Today let’s talk about the microphone preamps inside your audio interface, and why there’s nothing wrong with them.
I’ve talked about the myths about the built in interface pres before, but today I want to clear up some confusion on what you should (and should not) expect from them.
What Is The Job Of The Mic Preamp Anyways?
The first thing we need to address is the reason we have mic preamps in the first place.
Primarily they are a functional tool – they exist to take the super quiet signal that a microphone captures and boost (or amplify) it to a more useable level for audio recording and manipulation (line level).
That’s it. A giant volume knob.
Nothing magical, fancy, or mysterious about it. The mic pre exists as a way to turn up what your microphone hears. That is all.
Sound Quality Is Critical
Now of course we want to increase the gain in a way that doesn’t degrade the sound or add any noise or artifacts. Thereby keeping the recorded signal as close to what the microphone “heard” in the room as possible. Right?
This is why having quality mic preamps is critical in all recording studios, whether large or small. Even the bedroom enthusiast wants to capture a quality signal.
Here’s the good news: the mic pres in your audio interface are perfect for the job!
The preamps we have now-a-days are clean, clear, and have plenty of headroom. They will do a perfectly good job of capturing and retaining all the sonic qualities of your recorded signal, and boosting them to the acceptable level.
In fact – audio engineers from just 30 years ago would kill to have the kind of quiet, clean, and clear preamps and signal chain we now have built into the modern audio interface. It’s a thing of beauty!
So Why Do People Hate On Built In Pres?
If these built in mic preamps are so good then why do some people bash them on internet forums? Or another question, why do a lot of the engineers I respect and admire use specialty outboard mic pres (like Neve, API, etc)?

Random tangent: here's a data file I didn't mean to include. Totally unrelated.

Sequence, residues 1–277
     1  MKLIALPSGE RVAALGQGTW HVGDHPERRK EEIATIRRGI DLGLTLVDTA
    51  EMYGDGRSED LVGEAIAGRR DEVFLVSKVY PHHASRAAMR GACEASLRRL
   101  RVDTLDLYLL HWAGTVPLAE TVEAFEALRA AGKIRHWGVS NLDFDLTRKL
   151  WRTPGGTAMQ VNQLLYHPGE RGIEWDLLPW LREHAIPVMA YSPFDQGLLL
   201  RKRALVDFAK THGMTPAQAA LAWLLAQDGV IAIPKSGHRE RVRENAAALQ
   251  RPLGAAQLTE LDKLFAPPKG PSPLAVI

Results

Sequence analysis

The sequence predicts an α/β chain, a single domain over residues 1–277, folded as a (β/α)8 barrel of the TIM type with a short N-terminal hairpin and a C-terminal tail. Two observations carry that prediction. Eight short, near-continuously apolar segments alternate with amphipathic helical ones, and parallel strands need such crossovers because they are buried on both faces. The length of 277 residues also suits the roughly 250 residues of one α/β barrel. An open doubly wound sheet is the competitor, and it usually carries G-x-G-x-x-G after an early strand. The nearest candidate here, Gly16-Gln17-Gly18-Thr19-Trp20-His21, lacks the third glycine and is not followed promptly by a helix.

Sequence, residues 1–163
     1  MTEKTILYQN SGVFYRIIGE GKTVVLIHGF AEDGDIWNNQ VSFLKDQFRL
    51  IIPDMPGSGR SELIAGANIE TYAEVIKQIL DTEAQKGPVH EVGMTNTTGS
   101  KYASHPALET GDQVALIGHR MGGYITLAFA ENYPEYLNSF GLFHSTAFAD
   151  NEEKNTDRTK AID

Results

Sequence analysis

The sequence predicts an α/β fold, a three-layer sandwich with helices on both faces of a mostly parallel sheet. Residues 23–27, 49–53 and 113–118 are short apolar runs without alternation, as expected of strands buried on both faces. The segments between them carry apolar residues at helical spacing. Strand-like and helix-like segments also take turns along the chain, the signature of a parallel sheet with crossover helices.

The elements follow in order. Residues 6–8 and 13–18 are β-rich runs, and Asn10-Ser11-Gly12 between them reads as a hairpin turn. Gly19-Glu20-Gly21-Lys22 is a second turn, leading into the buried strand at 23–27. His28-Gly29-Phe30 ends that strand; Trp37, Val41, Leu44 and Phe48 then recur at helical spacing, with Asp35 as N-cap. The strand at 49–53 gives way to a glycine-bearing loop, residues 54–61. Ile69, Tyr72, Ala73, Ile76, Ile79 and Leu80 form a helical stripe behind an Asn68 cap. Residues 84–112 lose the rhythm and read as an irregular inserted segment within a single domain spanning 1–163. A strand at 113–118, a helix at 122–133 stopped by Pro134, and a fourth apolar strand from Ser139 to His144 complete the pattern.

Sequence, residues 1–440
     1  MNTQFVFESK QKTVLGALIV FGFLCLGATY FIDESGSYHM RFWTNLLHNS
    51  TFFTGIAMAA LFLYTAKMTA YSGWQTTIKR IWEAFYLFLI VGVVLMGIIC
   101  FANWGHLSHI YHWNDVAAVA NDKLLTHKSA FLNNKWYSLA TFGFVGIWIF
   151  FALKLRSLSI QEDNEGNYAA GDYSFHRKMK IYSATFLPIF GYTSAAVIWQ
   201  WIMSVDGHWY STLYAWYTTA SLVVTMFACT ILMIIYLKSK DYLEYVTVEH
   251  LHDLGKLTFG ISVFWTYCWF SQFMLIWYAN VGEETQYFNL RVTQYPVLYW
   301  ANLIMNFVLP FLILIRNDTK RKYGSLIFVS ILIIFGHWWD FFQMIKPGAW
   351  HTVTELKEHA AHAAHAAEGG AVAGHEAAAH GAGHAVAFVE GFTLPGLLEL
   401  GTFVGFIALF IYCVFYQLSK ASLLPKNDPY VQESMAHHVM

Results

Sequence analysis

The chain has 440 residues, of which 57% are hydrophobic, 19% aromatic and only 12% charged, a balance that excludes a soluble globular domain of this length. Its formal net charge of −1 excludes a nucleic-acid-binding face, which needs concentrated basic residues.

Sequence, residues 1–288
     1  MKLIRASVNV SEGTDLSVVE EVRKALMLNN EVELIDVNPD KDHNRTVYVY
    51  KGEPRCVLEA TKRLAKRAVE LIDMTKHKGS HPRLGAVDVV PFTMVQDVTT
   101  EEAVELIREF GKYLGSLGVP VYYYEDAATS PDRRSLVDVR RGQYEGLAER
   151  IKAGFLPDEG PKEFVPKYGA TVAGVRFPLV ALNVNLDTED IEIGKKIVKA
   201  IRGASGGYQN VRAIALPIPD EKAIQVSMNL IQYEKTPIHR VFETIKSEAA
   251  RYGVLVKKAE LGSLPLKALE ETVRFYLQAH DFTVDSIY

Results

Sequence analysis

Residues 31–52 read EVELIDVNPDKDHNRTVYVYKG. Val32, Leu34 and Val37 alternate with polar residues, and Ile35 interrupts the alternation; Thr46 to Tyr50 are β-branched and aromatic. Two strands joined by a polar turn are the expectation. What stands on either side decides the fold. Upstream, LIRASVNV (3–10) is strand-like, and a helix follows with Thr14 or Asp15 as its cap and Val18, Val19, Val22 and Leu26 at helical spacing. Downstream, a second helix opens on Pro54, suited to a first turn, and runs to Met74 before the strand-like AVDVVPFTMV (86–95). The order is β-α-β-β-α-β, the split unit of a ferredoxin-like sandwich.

This is usually not because of a quality issue, but because of a tonal issue.
You see, the mic preamps in your interface are perfectly clean. No color. Some would say no character. And I would agree.
They give you exactly what you put in. Which is neither a good nor a bad thing.
Creating Vibe On Recording Day
But many engieneers want to add harmonics, color, and vibe to their recordings by mixing and matching different microphone preamps on the way in. Much like guitar players who want certain pedals or amps to color their guitar’s sound.
In this situation, the external pres have their own “sound” and the engineer is using that to his advantage.
If you, however, record with only the stock preamps in your interface you will have to be intentional to sculpt your sound in different ways. Some examples could be different sounding microphones, unique mic placement, and of course plugins that have a lot of harmonic distortion or character.
Again, nothing wrong with that. It’s just part of the process for many home studios.
There’s Nothing Wrong With Your Preamps
So, in conclusion – there is nothing wrong with having or using the built in stock preamps in your audio interface. There is nothing inferior about them either. They are well made, clean preamps that will do exactly what you need a preamp to do.
Just understand that them being clean and transparent is neither good nor bad. It is what it is, and it’s not everyone’s (or every situation’s) cup of tea.
Once you make peace with your gear – you can move on to things that will make more of a difference in the sound of your final recording and mix, like improving your skill and technique.